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Pregnant Women and Others Can Easily Avoid Risks Associated With Chlorinated Water, According to Water Quality Association.

LISLE, Ill. -- Chlorination of public drinking water may lead to harmful chemical byproducts such as chloroform, trihalomethanes, and haloacetic acids flowing from home taps according to a study released by the Environmental Working Group and the Illinois Public Interest Research Group.

The January 8 study reports that such byproducts in drinking water may put pregnant women at a higher risk for miscarriages, neural tube defects, and reduced fetal growth. At the same time, physicians universally recommend that pregnant women drink plenty of water.

The issue is complex. Chlorination of public drinking water ensures that consumers have safe drinking water according to the Water Quality Association. "Together with filtration, chlorination is one of the greatest public health advancements of this millennium," notes WQA Executive Director Peter Censky. Unfortunately, however, chlorination does introduce potentially toxic contaminant byproducts.

In addition to the risks to pregnant women, chlorination byproducts have been shown to elevate the incidence of bladder cancer. EPA estimates the maximum health benefit of their new THM (trihalomethane) standard -- reduced from 100 ppb to 80 ppb -- as a potential reduction of 2,332 cases of bladder cancer per year. EPA currently estimates 9,300 bladder cancer cases per year due to THM contamination of drinking water.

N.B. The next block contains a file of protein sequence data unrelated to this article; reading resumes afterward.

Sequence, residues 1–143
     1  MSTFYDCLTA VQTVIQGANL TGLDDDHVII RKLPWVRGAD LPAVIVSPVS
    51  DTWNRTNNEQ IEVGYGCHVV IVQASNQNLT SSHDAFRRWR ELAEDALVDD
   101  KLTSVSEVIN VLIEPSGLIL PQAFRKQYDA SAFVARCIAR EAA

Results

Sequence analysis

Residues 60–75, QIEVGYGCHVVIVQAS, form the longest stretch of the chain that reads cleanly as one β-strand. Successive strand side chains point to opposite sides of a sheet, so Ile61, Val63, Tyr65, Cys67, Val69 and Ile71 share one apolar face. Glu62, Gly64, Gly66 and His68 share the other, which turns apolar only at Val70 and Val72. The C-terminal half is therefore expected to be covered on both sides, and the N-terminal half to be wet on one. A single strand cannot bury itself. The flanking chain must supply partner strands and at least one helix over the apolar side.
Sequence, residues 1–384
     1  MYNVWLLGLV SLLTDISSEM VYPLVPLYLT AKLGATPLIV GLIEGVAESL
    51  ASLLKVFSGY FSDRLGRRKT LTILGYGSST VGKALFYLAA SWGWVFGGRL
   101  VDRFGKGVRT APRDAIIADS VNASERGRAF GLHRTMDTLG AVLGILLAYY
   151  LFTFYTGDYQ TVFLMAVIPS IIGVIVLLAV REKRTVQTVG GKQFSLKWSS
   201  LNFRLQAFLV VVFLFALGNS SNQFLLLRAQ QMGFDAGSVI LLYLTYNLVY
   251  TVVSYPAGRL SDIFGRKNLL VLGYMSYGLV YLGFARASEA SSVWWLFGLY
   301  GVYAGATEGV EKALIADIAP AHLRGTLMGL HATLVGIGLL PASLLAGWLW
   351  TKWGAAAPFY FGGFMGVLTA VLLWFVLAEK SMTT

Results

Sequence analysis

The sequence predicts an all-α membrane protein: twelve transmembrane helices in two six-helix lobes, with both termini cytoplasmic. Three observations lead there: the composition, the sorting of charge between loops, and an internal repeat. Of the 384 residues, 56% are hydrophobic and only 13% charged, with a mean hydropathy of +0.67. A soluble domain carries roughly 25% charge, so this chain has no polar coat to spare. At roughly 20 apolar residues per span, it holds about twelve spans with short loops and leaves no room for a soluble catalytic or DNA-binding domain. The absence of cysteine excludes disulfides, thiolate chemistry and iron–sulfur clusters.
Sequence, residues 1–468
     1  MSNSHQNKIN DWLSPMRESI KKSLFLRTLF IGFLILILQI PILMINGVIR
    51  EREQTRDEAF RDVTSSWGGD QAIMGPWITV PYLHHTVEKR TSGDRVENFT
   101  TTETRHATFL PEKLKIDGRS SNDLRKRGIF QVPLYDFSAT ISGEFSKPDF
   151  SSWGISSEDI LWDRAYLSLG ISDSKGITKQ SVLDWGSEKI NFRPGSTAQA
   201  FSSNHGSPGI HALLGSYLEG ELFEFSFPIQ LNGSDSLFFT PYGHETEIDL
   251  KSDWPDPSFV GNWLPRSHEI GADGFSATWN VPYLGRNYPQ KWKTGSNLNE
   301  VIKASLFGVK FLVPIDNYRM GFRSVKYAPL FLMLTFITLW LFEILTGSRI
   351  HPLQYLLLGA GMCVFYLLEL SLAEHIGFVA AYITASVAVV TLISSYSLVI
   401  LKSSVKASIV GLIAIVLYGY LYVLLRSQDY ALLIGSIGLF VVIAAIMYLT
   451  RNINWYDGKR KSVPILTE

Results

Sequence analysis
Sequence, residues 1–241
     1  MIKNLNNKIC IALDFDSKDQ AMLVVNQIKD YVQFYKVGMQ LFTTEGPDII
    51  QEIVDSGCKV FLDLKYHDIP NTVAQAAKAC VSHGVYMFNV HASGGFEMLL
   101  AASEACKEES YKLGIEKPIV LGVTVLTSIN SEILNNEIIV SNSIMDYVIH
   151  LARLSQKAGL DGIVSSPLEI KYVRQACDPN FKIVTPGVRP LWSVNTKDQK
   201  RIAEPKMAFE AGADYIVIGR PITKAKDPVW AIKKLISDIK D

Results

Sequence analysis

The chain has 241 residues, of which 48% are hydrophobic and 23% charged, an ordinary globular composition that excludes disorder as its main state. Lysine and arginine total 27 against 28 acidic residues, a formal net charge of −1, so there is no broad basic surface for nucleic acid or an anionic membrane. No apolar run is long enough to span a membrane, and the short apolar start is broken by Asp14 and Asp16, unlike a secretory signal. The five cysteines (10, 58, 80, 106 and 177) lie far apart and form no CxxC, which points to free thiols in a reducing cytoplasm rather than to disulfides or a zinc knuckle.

There is a solution to the dilemma however. "Consumers can have the best of both worlds when it comes to their household water supply. Municipal water treatment systems must continue to use essential chlorination processes to safeguard against bacteria, viruses, and protozoa. Fortunately, there are several at-home devices that cheaply and simply remove possible chlorine byproducts," Harrison notes.

In addition to safeguarding pregnant women and potential bladder cancer victims from than 100 potentially toxic chlorination byproduct compounds, commonly available home filtration units can also remove the unpleasant tastes and smells associated with chlorinated water.

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Contact: John B. Ferguson, Communications Manager - Executive Editor of Water Quality Association, +1-630-505-0160 x509, Fax +1-630-505-9637, jferguson@mail.wqa.org

Website: http://www.wqa.org/
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Date:Jan 11, 2002
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